How can I boot users off after a certain time.

I have a server that needs to run a backup every night around 2:00AM.  My backup program will not backup certain information if it is opened by a user.  I have my server set so that users can't log in between certain hours however if they are already logged in they stay logged in.  Is there a way to kick them off the server completely for a few hours?  Thanks in advance.
GTKINCAsked:
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Jeffrey Kane - TechSoEasyConnect With a Mentor Principal ConsultantCommented:
I'd only add that Group Policy is the ONLY way to accomplish this effectively.  Just because you aren't familiar with GPs does not seem like a good reason to avoid them.  Since Group Policies are what is used to manage most all of your system's operational and security settings, it's not something you should remain unfamiliar with.  

There's a decent resouce on GP here:  http://searchwinit.techtarget.com/originalContent/0,289142,sid1_gci966312,00.html?offer=gplg

Jeff
TechSoEasy
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gbirkemeierCommented:
Have a look at the accepted answer in this post. I think it is what you want.

http://www.experts-exchange.com/Operating_Systems/Win2000/Q_20380102.html
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Jeffrey Kane - TechSoEasyPrincipal ConsultantCommented:
Why are you not running the built-in SBS Backup?  You wouldn't have this problem if you were using that.  Is there some reason that you are using something else?

Jeff
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GTKINCAuthor Commented:
I've had no luck with the built in SBS.  All I want to know how to do is force user log off at a certain time.
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Jeffrey Kane - TechSoEasyPrincipal ConsultantCommented:
Yes, but the Built-in Backup uses Volume Shadow Copy which doesn't require you to force users off... what problems did you have with the built-in backup?  I've got it running on every SBS install I've done (over 50) without any problems.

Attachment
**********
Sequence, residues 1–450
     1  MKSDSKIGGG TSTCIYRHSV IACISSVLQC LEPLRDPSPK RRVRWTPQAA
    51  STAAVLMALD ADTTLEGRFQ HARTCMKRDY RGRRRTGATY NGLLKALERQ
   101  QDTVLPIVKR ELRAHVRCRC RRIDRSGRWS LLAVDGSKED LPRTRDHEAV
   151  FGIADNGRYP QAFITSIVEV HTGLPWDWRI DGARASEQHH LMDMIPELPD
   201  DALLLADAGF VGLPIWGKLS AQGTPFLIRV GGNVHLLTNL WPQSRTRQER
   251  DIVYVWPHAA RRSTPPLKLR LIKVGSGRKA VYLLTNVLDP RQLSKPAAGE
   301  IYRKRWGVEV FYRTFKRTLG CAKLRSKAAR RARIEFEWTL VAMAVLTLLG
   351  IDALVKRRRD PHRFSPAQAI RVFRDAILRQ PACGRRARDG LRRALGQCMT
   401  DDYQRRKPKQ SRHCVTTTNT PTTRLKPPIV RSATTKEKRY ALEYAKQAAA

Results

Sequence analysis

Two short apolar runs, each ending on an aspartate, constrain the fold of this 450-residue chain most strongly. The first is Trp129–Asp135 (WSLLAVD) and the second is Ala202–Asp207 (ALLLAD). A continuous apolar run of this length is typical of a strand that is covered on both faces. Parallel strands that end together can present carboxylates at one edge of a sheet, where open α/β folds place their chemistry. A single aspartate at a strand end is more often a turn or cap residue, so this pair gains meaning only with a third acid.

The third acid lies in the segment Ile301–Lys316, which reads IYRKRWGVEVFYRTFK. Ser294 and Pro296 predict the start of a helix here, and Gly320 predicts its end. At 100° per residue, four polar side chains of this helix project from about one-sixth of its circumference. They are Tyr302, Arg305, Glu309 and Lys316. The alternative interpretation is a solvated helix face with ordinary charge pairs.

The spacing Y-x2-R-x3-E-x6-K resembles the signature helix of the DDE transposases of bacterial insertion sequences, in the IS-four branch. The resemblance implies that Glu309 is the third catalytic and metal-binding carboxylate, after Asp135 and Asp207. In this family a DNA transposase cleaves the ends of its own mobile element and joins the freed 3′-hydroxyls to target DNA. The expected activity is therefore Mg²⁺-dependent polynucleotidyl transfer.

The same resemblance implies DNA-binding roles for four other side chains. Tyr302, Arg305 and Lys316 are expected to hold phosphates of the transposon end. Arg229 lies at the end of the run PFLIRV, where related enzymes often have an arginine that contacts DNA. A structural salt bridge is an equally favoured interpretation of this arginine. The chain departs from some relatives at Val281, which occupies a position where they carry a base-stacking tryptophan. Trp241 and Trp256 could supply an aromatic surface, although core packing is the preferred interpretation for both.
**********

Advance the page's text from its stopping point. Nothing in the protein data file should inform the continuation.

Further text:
Jeff
TechSoEasy
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GTKINCAuthor Commented:
Can anyone offer assistance directly related to my question?
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Jeffrey Kane - TechSoEasyPrincipal ConsultantCommented:
Well, okay...

You just need to enable "Force Logoff When Logon Hours Expire" in the Default Domain Policy.  This is actuall set as Disabled by default.

You'll find this at Computer Configuration > Windows Settings > Security Settings > Local Policies > Security Options > Network security: Force logoff when logon hours expire.

Change this to Enabled.

Jeff
TechSoEasy
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GTKINCAuthor Commented:
Is there a way to do this without having to go to each machine and make the change and not use group policies?
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Jeffrey Kane - TechSoEasyPrincipal ConsultantCommented:
Um... your comment makes no sense at all.  This is done on the server and can only be done via GPO  -- it's the DEFAULT DOMAIN POLICY which you'll find under Group Policy Objects.  I'd suggest that you back up your GPO's before making any changes, just in case.  It has nothing to do with the workstation's local policy.

Jeff
TechSoEasy
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Jeffrey Kane - TechSoEasyPrincipal ConsultantCommented:
I'd say that the question was clearly asked and clearly answered.  Therefore, there is no reason to delete.

Jeff
TechSoEasy
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GTKINCAuthor Commented:
You have got to be kidding.  Read your responses to me.  They are sarcastic and condescending at best.  You have answered questions that I've posted before and the responses have also been "conceited".    Perfect examples are: "Well OK...."  "Um.. your comment makes no sense at all"

Here is a suggestion, Well GTKINC, I don't quite understand your question, could you further explain.  or  Well I'm sorry you haven't had any luck with the SBS backup, let me show you what you are doing wrong.